hrda_16_4.coverIn my prior career as a human resource management practitioner, I worked in a mid-sized corporation where executives were credibly accused of sexual harassment, and it was left to me to address the complaints. I thought that, given the mutual respect I had with the men accused and our shared interest in protecting the organization from lawsuits, I could convince them to discontinue any offensive behavior. Much to my dismay, my efforts resulted in a deepening of biased attitudes and an apparent escalation of harassment that placed the business at increased risk, and ultimately had a negative impact on the careers of the targets and on my own career. I was floored. This experience left me to wonder, “What I could have said or have done differently to produce a better result?”

Although this happened more than ten years ago, today we find countless examples in the media and other recent events where people are called out for their biases and treatment of others. While such behavior may justly earn public condemnation, treating biased individuals this way can be divisive, and provoke defensiveness and shame. As this paper shows, this can increase resistance to change and lessen the chance of a positive outcome.

One possible solution might be taking a softer approach to dealing with biased individuals that is more caring of the needs of those whose behavior we hope to change. This approach is further applicable in situations where the biased individual is in a position of power. The findings were counterintuitive for me personally, and have left me with many more questions that I will continue to investigate.

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Utilizing Task Analysis to Identify Coordination Requirements in Three different Clinical Settings

[We’re pleased to welcome authors Dr. Sarah Henrickson Parker of Virginia Tech, Dr. Jan B. Schmutz of ETH Zürich, and Dr. Tanja Manser of the University of Applied Sciences and Arts Northwestern Switzerland. They recently published an article in Group and Organization Management entitled “Training Needs for Adaptive Coordination: Utilizing Task Analysis to Identify Coordination Requirements in Three Different Clinical Settings” which is currently free to read for a limited time. Below, Dr. Manser speaks about the motivation and challenges of this research:]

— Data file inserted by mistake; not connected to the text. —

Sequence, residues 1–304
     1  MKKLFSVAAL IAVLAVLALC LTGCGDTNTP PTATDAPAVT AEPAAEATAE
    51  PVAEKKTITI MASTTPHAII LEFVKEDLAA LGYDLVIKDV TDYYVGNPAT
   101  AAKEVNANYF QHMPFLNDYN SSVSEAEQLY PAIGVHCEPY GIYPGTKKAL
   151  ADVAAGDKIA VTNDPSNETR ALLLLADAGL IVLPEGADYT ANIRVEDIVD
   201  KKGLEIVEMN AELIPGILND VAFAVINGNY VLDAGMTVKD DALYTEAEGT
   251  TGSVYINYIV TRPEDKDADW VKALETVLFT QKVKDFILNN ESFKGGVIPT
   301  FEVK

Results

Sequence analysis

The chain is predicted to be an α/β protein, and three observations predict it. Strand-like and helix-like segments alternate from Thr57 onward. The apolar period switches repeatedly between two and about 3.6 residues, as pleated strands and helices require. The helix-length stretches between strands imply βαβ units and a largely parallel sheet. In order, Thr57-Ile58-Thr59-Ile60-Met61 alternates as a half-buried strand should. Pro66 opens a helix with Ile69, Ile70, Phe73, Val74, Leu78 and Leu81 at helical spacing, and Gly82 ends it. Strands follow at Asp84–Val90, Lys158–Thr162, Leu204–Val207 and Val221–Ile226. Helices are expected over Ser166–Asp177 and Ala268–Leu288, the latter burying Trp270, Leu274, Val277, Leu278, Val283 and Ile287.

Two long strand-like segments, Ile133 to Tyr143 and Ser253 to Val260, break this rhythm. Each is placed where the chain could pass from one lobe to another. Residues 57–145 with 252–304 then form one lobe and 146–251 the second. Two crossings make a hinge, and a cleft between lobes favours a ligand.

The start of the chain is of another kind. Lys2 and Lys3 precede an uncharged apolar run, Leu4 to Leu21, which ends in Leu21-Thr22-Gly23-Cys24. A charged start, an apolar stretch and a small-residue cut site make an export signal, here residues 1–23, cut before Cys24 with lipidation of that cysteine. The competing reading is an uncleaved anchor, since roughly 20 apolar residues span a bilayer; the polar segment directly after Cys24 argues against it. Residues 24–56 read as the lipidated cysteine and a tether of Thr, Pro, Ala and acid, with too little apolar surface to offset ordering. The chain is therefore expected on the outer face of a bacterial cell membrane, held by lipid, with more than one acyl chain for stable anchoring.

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What motivated you to pursue this research?

We were interested in understanding general principles of coordination in healthcare teams across different healthcare settings. All of the authors have conducted research in this area for quite some time but usually one study only allows us to study teams in a specific clinical setting. We were interested in seeing if there were any general principles that applied across clinical settings. If so, these could have a much larger impact on the training of healthcare professionals.

What has been the most challenging aspect of conducting your research? Were there any surprising findings?

As this was a secondary analysis of existing data, we each had our own challenges with the initial data collection. It is always fun, exciting and challenging to work with healthcare providers in both real and simulated settings. One exciting finding of the current study is the overlap in coordination requirements across clinical settings and tasks. Triggers for re-coordination, anchoring points for coordination, and a deliberate transition from implicit to explicit coordination during unexpected clinical situations were all consistently noted as exemplars of excellent team coordination.

What advice would you give to new scholars and incoming researchers in this particular field of study?

It is important to immerse yourself in the work context you are studying and to continue to build relationships with those that are doing the work. We believe that the interactions with healthcare providers allow us, as psychologists, to make sure our work is interpreted correctly from a scientific point of view but also relevant and used as intended from an applied point of view. Our experience this requires researchers to be able to speak the language of both clinical care and work psychology.

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70-20-10 and the Dominance of Informal Learning

[We’re pleased to welcome author Dr. Alan Clardy of Towson University. Dr. Clardy recently published an article in the Human Resource and Development Review entitled “70-20-10 and the Dominance of Informal Learning: A Fact in Search of Evidence,” which is currently free to read for a limited time. Below, Dr. Clardy reflects on the inspiration for conducting this research:]